Marx-Engels Correspondence 1853

Marx To Engels
In Manchester

Source: MECW Volume 39, p. 403.
First published: abridged in Der Briefwechsel zwischen F. Engels und K. Marx, 1913 and in full in MEGA, Berlin, 1929.

[London,] 14 December 1853

Dear Frederic,

As you know, everyone gets an occasional bee in his bonnet, and nihil humani etc [I am a man ... and nothing human is alien to me]. Needless to say, there was never any question of conspiring and suchlike nonsense. You are accustomed to some jealousy and, au fond the only thing that vexes me is our not being able to be together now, to work and have fun together, whereas your ‘protégés’ have you conveniently to hand.

Enclosed one copy of the Knight. The other arrived in Washington either today or yesterday. I sent the thing to Cluss so that the 2 statements should not conflict, and so that he can delete anything that has already been said. A few small stylistic changes were made in the copy I sent. The last page is missing from the one I sent you; it got mislaid and contains only a few concluding remarks in a humorous vein.

Although we have heard nothing of him, Willich must be back in London again. Did you see in the Reform the splendid minutes of the meeting presided over by Anneke, in which not a single person declares himself willing to return to Germany as ‘a revolutionary fighter under Willich’s military leadership’?

Quant à Palmerston, I could agree to a ‘German’ version only if I could be sure that the work would subsequently be accepted by a publisher. For I haven’t a German MS, since I myself had to write the thing in English, i.e. Anglo-Saxonise the original from the word go. As regards the Tribune I intend to conclude with the Treaties of 1840 and ‘41, and for this I have at my disposal some very bulky Blue Books, besides Hansard and the Moniteur. Have left out Palmerston’s machinations in Greece, Afghanistan, Persia and Serbia, as being of lesser importance. That would still leave the revolutionary period for which the Blue Books again provide important (if considerably curtailed) material, as well as for our ‘patriotic’ war, etc., in Schleswig-Holstein.

Concerning your Bonaparte as a captain of artillery, or writer thereon, I think you would do best to send a paper of this sort under your own name either to 1. The Daily News, 2. The Examiner, or 3. The Westminster Review. The first would probably be best. An article of this kind would at one fell swoop — par coup d'état’ — put you in such a position vis-à-vis the London Press that you could ‘press’ it and at the same time, perhaps, get a chance to have your book on the Hungarian campaign published in English in London, which would in any case be more profitable and effective than in poor old Leipzig.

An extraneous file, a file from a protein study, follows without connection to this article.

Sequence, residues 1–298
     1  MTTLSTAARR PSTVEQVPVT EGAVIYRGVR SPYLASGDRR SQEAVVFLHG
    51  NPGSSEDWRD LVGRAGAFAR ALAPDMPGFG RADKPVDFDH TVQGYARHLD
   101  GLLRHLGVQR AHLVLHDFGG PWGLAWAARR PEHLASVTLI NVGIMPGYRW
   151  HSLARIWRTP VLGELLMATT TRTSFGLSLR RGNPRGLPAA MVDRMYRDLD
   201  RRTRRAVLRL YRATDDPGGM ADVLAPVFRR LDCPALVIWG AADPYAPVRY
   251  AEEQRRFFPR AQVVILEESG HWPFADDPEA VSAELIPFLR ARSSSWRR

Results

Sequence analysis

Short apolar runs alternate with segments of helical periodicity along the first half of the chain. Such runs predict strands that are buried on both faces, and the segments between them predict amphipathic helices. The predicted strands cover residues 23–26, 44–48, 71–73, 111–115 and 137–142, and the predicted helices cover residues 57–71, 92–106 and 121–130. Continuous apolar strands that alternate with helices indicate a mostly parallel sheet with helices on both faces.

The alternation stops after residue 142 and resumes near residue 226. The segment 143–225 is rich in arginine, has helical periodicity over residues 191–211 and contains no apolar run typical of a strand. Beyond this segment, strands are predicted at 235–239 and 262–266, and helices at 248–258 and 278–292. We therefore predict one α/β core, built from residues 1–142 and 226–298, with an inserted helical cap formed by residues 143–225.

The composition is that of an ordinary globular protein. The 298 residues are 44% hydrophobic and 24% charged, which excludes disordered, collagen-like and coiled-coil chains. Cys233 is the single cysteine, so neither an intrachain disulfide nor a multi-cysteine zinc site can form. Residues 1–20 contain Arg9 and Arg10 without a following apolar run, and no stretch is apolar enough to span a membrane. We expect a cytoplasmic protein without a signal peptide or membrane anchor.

Needless to say, the Tribune is making a great splash with your articles, poor Dana, no doubt, being regarded as their author. At the same time they have appropriated ‘Palmerston’, which means that, for 8 weeks past, Marx-Engels have virtually constituted the Editorial staff of the Tribune.

In addition to your lengthier expositions which are appropriated by them for leaders and are feasible only in the case of certain important events or periods, e.g. the initial phase, then the battle of Oltenitza, etc., I should be grateful if (time permitting) you could — during the less important interludes — let me have a brief summary of the facts — 1-2 pages, say — in English. I have greater difficulties — even from the language standpoint — with the lesser stuff than with profound(!) expositions, especially with material I have long been familiar with by reading in an English context, i.e. English works. I only require this, of course, when there is a dearth of ‘great’ événements. The main difficulty is the uneasiness of my critical conscience in regard to matters with which I feel I am not à la hauteur. My competitor [Pulszky] quite simply copies out the facts (or rather what are given out as such by the London Press).

What do you think of my brother-in-law Juta’s proposal, enclosed herewith, that we should write a monthly article for the Zuid-Afrikaan (Cape Town)? Rotten though Juta’s French may be, he’s a good, sensible chap. If only you and I had set up an English correspondence business at the right moment in London, you wouldn’t be stuck in Manchester tormented by the office, nor tormented by debts. Incidentally, I believe that if you were to send military articles to the London papers now, you would, within a few weeks, be able to secure a permanent post which would pay as well as the Manchester business and leave you more spare time. At present the demand for military writers exceeds the supply.

It might even be asked whether The Times itself might not be very glad to hook a military collaborator since it is wretchedly served in this respect. It would be worth trying. For we have, of course, now reached the stage at which we regard any English newspaper merely as an emporium and it matters not a rap in which of these emporia we display our ‘articles’, supposé they are not tampered with.

K. M.